For years we’ve been told to keep our potatoes in a cool, dark place and not the fridge because of concerns over acrylamide, which has been linked to cancer.
It was originally thought that storing raw potatoes in the fridge could lead to the formation of additional sugars which can then convert into acrylamide when tatties are fried, roasted or baked.
But the Food Standard Agency (FSA) updated guidance earlier this year to say this isn’t the case – and storing your potatoes in the fridge could actually dramatically reduce food waste.
Studies have found acrylamide can cause cancer in animals, and scientists believe it can cause cancer in humans as well. Therefore health bodies recommend limiting the amount of acrylamide we all consume as a precaution.
Acrylamide is a natural by-product of the cooking process and has always been present in our food. It’s typically found in roast potatoes, crisps and chips.
Previously it was believed storing potatoes in the fridge could increase the forming potential of acrylamide. But a study, which was reviewed by the Committee on the Toxicity of Chemicals in Food, Consumer Products and the Environment (COT), showed this isn’t the case.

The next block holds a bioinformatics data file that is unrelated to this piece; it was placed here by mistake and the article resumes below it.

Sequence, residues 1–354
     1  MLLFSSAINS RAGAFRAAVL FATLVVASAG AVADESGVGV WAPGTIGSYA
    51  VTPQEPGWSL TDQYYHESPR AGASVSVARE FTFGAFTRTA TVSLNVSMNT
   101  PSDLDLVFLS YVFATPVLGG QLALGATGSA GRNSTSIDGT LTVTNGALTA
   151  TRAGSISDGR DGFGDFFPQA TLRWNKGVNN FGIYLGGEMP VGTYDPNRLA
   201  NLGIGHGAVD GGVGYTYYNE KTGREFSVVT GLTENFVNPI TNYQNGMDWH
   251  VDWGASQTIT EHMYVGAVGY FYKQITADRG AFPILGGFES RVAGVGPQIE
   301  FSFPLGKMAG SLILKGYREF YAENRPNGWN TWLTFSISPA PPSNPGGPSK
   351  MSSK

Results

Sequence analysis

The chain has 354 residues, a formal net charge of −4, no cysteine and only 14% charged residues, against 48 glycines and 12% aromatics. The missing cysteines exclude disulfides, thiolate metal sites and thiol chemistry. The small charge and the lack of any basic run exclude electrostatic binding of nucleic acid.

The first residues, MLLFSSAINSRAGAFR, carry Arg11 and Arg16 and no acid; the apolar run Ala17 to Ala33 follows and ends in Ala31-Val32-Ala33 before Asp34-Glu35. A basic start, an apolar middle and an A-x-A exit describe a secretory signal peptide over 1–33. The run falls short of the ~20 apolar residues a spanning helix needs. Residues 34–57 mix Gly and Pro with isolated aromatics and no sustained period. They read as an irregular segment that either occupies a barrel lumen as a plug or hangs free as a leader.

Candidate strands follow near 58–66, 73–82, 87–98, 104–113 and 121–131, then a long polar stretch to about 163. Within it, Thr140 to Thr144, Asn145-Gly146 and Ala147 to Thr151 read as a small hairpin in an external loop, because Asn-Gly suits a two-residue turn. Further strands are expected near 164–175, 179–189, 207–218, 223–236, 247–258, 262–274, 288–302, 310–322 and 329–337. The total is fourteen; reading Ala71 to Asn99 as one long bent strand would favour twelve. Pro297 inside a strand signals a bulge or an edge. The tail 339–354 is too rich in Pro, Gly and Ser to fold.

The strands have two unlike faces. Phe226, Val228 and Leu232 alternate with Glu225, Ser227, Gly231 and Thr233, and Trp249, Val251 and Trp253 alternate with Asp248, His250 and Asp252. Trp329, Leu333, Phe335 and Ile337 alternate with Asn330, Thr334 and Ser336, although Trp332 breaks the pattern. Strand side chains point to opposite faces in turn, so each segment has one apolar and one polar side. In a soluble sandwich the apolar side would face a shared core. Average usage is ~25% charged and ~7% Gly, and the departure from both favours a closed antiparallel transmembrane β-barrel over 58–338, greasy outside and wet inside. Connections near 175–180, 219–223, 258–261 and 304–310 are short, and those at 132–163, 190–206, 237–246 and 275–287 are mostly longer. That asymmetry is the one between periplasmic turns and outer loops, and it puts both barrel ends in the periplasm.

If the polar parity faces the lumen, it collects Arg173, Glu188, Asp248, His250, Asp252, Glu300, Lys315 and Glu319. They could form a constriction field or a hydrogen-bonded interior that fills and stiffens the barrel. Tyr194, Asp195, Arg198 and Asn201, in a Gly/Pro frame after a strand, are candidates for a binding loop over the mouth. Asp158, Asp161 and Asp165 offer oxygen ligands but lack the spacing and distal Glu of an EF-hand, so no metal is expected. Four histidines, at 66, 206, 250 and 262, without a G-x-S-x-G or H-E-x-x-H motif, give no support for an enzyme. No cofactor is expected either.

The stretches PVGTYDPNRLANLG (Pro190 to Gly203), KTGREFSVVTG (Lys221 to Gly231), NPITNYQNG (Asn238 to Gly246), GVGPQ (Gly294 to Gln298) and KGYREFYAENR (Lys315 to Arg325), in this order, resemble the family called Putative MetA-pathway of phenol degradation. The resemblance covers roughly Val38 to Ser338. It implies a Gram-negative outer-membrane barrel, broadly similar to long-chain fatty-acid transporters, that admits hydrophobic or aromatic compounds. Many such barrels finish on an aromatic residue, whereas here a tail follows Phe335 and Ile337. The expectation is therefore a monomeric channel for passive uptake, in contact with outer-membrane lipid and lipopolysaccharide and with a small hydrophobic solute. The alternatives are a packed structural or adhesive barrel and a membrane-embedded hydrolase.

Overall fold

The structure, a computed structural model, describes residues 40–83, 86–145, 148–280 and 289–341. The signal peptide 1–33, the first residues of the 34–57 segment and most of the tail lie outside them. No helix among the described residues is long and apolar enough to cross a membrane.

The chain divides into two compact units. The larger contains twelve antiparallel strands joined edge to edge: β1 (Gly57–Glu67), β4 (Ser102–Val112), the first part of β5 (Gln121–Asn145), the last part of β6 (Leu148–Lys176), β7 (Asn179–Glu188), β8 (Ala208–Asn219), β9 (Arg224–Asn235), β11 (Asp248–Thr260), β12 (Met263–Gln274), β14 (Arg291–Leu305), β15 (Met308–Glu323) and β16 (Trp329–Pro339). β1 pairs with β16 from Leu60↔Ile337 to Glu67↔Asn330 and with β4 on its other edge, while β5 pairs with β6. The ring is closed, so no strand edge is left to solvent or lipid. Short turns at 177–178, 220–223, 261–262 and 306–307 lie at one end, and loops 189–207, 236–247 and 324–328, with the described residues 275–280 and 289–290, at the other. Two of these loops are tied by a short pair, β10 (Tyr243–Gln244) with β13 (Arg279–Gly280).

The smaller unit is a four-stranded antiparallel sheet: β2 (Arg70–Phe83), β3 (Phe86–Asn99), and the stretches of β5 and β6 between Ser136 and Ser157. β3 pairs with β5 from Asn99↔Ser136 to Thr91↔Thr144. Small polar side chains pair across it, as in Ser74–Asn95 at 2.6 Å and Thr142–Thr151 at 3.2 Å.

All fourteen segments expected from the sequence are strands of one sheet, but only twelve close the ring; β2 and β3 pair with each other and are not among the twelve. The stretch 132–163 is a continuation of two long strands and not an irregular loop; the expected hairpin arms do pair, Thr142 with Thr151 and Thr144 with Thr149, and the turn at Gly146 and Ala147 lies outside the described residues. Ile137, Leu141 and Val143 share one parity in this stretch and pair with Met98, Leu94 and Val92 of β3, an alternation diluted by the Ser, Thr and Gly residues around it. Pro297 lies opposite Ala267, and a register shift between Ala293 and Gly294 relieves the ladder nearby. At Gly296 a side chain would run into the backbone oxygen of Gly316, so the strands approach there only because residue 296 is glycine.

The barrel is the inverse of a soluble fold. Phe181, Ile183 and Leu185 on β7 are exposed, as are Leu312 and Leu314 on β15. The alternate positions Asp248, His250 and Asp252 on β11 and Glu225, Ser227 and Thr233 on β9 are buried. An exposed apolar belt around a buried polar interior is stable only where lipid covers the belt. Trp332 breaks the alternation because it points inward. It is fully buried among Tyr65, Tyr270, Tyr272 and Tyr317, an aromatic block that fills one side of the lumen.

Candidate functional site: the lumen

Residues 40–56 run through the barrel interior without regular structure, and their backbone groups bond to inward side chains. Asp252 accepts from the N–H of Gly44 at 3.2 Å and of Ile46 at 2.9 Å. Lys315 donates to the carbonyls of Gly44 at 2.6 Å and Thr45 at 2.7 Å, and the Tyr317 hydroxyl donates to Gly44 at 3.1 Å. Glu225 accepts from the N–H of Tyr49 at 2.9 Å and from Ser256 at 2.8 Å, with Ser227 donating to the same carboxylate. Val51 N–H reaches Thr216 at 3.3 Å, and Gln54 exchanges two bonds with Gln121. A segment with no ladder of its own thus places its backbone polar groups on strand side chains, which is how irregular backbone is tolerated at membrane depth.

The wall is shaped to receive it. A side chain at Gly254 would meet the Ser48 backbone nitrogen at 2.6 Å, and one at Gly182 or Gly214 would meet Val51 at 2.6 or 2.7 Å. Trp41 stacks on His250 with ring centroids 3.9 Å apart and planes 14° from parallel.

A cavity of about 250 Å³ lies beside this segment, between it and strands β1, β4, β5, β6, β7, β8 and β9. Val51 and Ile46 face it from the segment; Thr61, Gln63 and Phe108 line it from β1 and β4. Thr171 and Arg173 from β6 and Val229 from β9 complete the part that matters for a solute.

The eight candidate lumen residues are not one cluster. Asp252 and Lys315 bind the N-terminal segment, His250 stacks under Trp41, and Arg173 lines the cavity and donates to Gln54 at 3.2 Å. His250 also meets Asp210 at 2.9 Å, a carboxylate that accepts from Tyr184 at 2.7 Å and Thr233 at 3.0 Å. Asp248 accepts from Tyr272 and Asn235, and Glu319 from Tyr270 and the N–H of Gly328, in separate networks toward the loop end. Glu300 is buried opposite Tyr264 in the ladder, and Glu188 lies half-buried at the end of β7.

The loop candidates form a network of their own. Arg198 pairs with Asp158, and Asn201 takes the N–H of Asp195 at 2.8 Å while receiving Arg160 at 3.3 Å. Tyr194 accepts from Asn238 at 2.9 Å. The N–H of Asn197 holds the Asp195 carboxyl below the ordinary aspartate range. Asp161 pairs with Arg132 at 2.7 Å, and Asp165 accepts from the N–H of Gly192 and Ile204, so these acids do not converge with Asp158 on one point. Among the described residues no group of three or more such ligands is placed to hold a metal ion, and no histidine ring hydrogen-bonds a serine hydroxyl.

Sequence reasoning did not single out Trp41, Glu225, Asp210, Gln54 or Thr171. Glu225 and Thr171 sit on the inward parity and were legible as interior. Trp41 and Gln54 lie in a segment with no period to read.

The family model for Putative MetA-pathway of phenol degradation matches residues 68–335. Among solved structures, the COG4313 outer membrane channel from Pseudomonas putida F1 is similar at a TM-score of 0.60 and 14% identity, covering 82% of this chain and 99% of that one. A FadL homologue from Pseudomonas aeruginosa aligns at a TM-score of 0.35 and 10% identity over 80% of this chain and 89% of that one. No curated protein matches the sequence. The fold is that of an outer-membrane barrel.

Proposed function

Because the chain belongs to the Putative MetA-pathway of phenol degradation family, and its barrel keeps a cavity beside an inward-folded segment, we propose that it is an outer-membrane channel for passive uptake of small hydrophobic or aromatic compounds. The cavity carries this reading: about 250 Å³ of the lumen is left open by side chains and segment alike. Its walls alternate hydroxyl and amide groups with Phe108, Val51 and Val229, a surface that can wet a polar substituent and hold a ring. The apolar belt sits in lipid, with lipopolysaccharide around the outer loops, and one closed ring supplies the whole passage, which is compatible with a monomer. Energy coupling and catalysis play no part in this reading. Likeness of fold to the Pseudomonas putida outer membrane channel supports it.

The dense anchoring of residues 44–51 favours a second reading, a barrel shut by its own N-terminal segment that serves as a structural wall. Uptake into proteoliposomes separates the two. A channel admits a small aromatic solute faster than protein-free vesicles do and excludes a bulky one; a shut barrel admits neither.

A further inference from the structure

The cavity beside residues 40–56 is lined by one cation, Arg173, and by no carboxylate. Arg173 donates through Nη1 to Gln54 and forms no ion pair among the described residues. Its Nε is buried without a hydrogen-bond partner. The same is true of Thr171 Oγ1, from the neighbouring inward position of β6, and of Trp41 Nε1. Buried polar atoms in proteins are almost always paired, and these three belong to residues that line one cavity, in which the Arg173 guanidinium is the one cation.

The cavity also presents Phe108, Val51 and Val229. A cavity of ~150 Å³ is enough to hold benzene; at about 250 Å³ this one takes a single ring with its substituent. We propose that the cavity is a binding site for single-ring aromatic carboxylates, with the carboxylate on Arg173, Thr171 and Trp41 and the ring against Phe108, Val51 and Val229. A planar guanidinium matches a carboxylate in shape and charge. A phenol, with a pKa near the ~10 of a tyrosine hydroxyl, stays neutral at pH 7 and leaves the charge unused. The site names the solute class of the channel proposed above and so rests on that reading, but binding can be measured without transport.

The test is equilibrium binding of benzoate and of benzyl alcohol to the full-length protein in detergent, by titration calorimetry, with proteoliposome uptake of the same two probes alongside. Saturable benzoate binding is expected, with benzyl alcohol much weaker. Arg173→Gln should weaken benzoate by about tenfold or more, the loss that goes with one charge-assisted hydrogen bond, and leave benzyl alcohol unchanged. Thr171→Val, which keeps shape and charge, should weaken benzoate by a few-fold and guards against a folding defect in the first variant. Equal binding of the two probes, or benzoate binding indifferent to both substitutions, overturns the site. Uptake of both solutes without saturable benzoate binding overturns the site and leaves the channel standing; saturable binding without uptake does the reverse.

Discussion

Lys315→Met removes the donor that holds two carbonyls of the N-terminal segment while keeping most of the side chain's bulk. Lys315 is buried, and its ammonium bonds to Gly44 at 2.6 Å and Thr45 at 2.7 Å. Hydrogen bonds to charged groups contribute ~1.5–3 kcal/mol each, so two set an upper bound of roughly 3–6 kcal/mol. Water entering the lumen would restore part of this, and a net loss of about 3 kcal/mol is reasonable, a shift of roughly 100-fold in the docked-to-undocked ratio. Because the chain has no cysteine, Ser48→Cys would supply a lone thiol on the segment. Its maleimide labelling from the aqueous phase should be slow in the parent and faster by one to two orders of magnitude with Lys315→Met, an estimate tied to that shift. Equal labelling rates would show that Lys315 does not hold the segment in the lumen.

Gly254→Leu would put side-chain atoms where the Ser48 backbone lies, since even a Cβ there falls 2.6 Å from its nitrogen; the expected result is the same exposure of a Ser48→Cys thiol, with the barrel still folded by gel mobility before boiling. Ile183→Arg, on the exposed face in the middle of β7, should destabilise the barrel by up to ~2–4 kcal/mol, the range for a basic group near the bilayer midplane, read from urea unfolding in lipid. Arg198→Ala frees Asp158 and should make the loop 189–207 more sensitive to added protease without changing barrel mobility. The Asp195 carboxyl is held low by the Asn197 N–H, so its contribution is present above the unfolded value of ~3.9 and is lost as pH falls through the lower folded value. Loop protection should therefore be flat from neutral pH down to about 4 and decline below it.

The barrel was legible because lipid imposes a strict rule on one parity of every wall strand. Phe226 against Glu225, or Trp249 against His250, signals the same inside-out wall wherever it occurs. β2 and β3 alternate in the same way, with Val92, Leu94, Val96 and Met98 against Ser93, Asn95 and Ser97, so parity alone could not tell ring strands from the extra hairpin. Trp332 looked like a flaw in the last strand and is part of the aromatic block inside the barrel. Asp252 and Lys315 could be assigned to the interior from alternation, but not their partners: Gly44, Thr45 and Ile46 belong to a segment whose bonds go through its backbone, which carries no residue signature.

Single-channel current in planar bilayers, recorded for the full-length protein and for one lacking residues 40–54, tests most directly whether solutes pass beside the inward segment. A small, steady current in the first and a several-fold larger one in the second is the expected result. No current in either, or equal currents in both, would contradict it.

Passionate potato advocates – including the UK’s largest potato supplier, Branston – said the change in advice from the FSA could dramatically cut down food waste.
It’s thought Brits waste over 5.8 million potatoes each year. Yet research from the Waste & Resources Action Programme (WRAP) has found that potatoes stored in the fridge can last more than three times as long compared with those stored in a cupboard.
Lucia Washbrook, from Branston potatoes, said the change in guidance is particularly important now given the climate emergency and rising cost of living.
“We need consumers to make changes and follow guidance such as this in order to seriously tackle food waste in the home, which will also help save them money,” she said.
Storing potatoes in the fridge should “obviously be encouraged”, said Washbrook, before adding there are other ways you can make potatoes last such as storing them in fabric or paper bags rather than plastic and making sure they are kept in the dark.
Those coming towards the end of their life can be cooked up and frozen into portions ready to use straight from the freezer, she added.
If you are worried about acrylamide in your potatoes, aim for a “golden yellow colour or lighter” when frying, baking, toasting or roasting starchy foods, advises FSA.
It’s also important to follow cooking instructions on the packs of food so you don’t over-cook them.